David Hackett Fischer
Champlain's Dream by David Hackett Fischer Summary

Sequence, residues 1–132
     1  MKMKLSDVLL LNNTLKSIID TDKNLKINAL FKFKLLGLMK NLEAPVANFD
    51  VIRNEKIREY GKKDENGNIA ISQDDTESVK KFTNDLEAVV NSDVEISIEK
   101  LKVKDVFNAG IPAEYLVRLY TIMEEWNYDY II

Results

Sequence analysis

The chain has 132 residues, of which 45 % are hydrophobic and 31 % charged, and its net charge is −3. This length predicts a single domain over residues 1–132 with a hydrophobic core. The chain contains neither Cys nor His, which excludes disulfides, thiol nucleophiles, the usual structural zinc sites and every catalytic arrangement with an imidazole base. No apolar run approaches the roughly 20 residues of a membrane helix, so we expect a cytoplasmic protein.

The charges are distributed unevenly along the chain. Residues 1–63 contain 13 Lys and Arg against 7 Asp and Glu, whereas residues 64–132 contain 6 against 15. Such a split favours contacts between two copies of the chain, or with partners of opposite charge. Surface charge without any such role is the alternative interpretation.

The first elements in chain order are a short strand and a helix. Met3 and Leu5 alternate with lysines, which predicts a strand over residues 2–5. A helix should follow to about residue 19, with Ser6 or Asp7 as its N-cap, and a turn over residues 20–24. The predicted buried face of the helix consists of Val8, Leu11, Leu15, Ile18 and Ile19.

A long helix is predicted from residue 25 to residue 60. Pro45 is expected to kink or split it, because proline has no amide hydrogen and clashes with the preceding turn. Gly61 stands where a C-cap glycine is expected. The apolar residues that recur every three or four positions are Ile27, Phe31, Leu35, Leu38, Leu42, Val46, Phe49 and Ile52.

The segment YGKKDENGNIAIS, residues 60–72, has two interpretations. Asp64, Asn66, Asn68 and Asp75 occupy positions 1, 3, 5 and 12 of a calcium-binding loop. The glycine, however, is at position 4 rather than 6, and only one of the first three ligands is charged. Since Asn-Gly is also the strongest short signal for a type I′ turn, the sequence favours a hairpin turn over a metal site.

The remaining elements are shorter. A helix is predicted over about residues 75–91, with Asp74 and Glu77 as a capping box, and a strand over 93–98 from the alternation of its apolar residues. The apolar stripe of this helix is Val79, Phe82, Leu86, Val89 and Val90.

In this sweeping, enthralling biography, acclaimed Pulitzer Prize–winner David Hackett Fischer magnificently brings to life the visionary adventurer who has straddled our history for 400 years. Champlain’s Dream reveals, with rare immediacy and drama, the story of a remarkable man: a leader who dreamed of humanity and peace in a world riven by violence; a man of his own time who nevertheless strove to build a settlement in Canada that would be founded on harmony and respect. With consummate narrative skill and comprehensive scholarship, Fischer unfolds a life shrouded in mystery, a complex, elusive man among many colorful characters. Born on France’s Atlantic coast, Samuel de Champlain grew up in a country bitterly divided by religious wars. But, like Henry IV, one of France’s greatest kings whose illegitimate son he may have been and who supported his travels from the Spanish Empire in Mexico to the St. Lawrence and the unknown territories, Champlain was religiously tolerant in an age of murderous sectarianism. Soldier, spy, master mariner, explorer, cartographer, and artist, he maneuvered his way through court intrigues in Paris, supported by Henri IV and, later, Louis XIII, though bitterly opposed by the Queen Regent Marie de Medici and the wily Cardinal Richelieu. But his astonishing dedication and stamina triumphed…. Champlain was an excellent navigator. He went to sea as a boy, acquiring the skills that allowed him to make 27 Atlantic crossings between France and Canada, enduring raging storms without losing a ship, and finally bringing with him into the wilderness his young wife, whom he had married in middle age. In the place he called Quebec, on the beautiful north shore of the St. Lawrence, he founded the first European settlement in Canada, where he dreamed that Europeans and First Nations would cooperate for mutual benefit. There he played a role in starting the growth of three populations — Québécois, Acadian, and Métis — from which millions descend. Through three decades, on foot and by ship and canoe, Champlain traveled through what are now six Canadian provinces and five American states, negotiating with more than a dozen Indian nations, encouraging intermarriage among the French colonists and the natives, and insisting, as a Catholic, on tolerance for Protestants. A brilliant politician as well as a soldier, he tried constantly to maintain a balance of power among the Indian nations and his Indian allies, but, when he had to, he took up arms with them and against them, proving himself a formidable strategist and warrior in ferocious wars. Drawing on Champlain’s own diaries and accounts, as well as his exquisite drawings and maps, Fischer shows him to have been a keen observer of a vanished world: an artist and cartographer who drew and wrote vividly, publishing four invaluable books on the life he saw around him. This superb biography (the first full-scale biography in decades) by a great historian is as dramatic and richly exciting as the life it portrays. Deeply researched, it is illustrated throughout with 110 contemporary images and 37 maps, including several drawn by Champlain himself.